Since 1971, the Congressional Black Caucus (CBC) has had many strong leaders. As the new 114th Congress of the United States begins, the CBC elected my fellow North Carolina native, Congressman G.K. Butterfield, as its new chairman. I have known the long time freedom fighter and a skillful leader for more than 45 years.
Given the numerous issues and challenges facing Black America, I predict that the CBC under Butterfield’s leadership, the CB will become reinvigorated. It was surprising to hear G.K. say upon being sworn it: “My leadership of this Caucus will be influenced by my experiences growing up in a segregated South. Jim Clyburn often says that, ‘We are the sum total of our experiences’ and that is so true. My life’s experiences are similar to many of my colleagues. We saw racism at its worst.”
Butterfield is from Wilson, N.C., about 65 miles southwest of my hometown of Oxford. In the 1960s, I frequently traveled to Wilson to meet with Milton Fitch, the Southern Christian Leadership Conference (SCLC) state field coordinator. Fitch and SCLC state field director Golden Frinks were two of my mentors during that period.
So when G.K. Butterfield says that he is going the lead the CBC in a manner that will be influenced by his experiences growing up in the segregated South, that is assurance that the CBC will be at the vanguard of the fight for freedom, justice and equality under Butterfield’s watch.
It will be an interesting tenure. The CBC has 46 members from 22 states, the District of Columbia and the Virgin Islands, the largest CBC delegation in its 44-year history. Will the increased size translate into increased legislative clout? While we can’t definitively answer that question yet, there certainly will be higher expectations of the CBC, even in a Republican-controlled House and Senate.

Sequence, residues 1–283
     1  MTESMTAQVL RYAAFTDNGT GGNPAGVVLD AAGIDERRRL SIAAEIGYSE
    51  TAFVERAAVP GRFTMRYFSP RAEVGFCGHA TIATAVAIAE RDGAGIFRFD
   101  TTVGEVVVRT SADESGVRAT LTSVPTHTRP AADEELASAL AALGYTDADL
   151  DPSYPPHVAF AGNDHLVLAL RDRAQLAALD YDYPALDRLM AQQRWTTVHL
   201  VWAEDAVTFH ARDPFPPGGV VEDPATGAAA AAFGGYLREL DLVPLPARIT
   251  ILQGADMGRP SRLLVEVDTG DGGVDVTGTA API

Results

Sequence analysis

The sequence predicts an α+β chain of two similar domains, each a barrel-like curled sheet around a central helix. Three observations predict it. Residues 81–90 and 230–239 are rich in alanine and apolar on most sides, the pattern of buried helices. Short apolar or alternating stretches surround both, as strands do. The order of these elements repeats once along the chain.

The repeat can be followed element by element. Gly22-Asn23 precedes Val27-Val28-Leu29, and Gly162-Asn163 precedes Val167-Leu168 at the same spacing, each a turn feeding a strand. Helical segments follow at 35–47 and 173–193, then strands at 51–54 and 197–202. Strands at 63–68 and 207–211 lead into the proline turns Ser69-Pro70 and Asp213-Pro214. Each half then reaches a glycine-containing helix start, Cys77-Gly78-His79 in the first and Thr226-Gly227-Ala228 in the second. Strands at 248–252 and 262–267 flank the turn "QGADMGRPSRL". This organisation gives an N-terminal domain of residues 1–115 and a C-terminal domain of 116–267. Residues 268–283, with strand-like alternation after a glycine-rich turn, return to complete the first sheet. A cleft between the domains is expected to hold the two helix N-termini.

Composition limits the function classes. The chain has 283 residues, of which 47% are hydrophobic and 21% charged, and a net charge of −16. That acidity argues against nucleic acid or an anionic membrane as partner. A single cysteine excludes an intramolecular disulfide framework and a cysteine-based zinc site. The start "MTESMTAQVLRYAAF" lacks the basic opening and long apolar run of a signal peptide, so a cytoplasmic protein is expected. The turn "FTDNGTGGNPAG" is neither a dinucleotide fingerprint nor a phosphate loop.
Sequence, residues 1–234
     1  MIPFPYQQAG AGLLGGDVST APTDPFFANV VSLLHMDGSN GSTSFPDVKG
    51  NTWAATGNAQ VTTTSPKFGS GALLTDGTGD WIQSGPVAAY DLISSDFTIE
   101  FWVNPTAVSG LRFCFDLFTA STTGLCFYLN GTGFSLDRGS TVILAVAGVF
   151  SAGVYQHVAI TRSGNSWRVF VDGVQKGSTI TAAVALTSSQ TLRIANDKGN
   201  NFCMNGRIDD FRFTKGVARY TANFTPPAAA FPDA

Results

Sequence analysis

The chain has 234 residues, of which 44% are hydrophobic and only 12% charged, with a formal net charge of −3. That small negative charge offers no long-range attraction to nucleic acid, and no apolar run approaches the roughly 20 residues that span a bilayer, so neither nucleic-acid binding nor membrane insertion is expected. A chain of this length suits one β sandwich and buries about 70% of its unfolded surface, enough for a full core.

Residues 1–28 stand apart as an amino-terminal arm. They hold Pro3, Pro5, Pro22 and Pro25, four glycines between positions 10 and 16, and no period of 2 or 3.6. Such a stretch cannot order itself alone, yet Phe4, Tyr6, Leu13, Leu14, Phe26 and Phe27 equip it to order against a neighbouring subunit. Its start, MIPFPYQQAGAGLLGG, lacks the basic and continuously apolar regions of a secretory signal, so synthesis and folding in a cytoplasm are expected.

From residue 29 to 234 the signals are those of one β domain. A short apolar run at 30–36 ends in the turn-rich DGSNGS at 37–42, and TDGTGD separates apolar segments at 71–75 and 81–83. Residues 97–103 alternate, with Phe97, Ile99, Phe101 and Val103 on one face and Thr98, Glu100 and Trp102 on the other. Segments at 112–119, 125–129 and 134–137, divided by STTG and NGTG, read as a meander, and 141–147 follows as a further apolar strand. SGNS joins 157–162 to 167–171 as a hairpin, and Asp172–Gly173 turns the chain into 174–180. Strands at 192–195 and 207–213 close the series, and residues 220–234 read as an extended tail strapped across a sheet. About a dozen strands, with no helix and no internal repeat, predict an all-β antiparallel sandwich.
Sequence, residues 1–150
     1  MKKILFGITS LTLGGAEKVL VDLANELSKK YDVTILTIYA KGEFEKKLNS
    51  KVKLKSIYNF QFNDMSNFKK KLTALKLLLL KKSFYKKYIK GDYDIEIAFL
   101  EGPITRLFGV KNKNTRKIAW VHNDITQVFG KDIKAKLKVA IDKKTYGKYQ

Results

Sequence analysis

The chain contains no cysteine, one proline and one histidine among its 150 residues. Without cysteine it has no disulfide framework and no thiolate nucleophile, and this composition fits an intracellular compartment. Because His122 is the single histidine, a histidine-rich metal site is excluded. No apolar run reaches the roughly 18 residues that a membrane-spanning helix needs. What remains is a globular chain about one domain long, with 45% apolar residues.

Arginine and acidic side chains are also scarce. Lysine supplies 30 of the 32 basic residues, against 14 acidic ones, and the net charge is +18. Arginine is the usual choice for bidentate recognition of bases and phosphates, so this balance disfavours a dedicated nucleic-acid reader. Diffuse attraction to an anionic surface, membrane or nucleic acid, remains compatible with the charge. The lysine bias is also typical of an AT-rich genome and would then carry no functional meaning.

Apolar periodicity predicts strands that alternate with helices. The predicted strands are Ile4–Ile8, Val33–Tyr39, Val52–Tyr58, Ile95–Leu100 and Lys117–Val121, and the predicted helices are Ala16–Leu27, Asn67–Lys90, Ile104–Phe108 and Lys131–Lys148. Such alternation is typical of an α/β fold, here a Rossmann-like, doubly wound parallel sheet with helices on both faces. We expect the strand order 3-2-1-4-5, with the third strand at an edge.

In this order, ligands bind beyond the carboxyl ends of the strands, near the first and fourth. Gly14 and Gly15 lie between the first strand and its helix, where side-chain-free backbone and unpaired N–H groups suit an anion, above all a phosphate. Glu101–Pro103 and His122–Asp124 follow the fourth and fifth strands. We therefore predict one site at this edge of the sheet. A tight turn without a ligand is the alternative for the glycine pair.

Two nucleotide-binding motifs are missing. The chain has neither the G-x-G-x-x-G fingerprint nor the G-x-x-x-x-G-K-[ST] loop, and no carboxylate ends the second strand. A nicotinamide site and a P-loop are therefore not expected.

Butterfield correctly declared that Black America is in a state of emergency.
“For many Black Americans, they are not even close to realizing the American dream,” he explained. “Depending on where they live, an economic depression hangs over their head, and it is burdening their potential and the potential of their children. Black America is in a state of emergency today as it was at the turn of the century!”
As he made clear, Black lives do matter. All lives matter. Although there has been progress in the United States during the past 50 years towards racial justice, racial injustice and inequality still persist. As Congressman Butterfield noted when he was sworn in:
• Twenty-five percent of Black households live below the poverty line, compared to 8 percent for White households;
• One out of three Black children lives in poverty;
• African Americans are twice as likely as Whites to be unemployed;
• African Americans earn $13,000 less per year than their White counterparts;
• The unemployment rate of African Americans has consistently been twice as high as for Whites for past 50 years and
• For every $100 in wealth of a White household, the Black household has only $6.
Congressman Butterfield and his colleagues in the Congressional Black Caucus cannot change America by themselves. They need and deserve our support. They need our voices and votes to join theirs. We need one another.
America is at another crossroad. Will we revive the U.S. economy and create a more inclusive democracy where race will not be the determining factor that determines the quality of life? We all have an obligation to help determine the answer to that question. May our leadership be blessed with the courage and determination to make a real and lasting difference. And let’s make sure we join them in striving for that goal.
Benjamin F. Chavis, Jr. is the President and CEO of the National Newspaper Publishers Association (NNPA) and can be reached for national advertisement sales and partnership proposals at: firstname.lastname@example.org; and for lectures and other professional consultations at: http://drbenjaminfchavisjr.wix.com/drbfc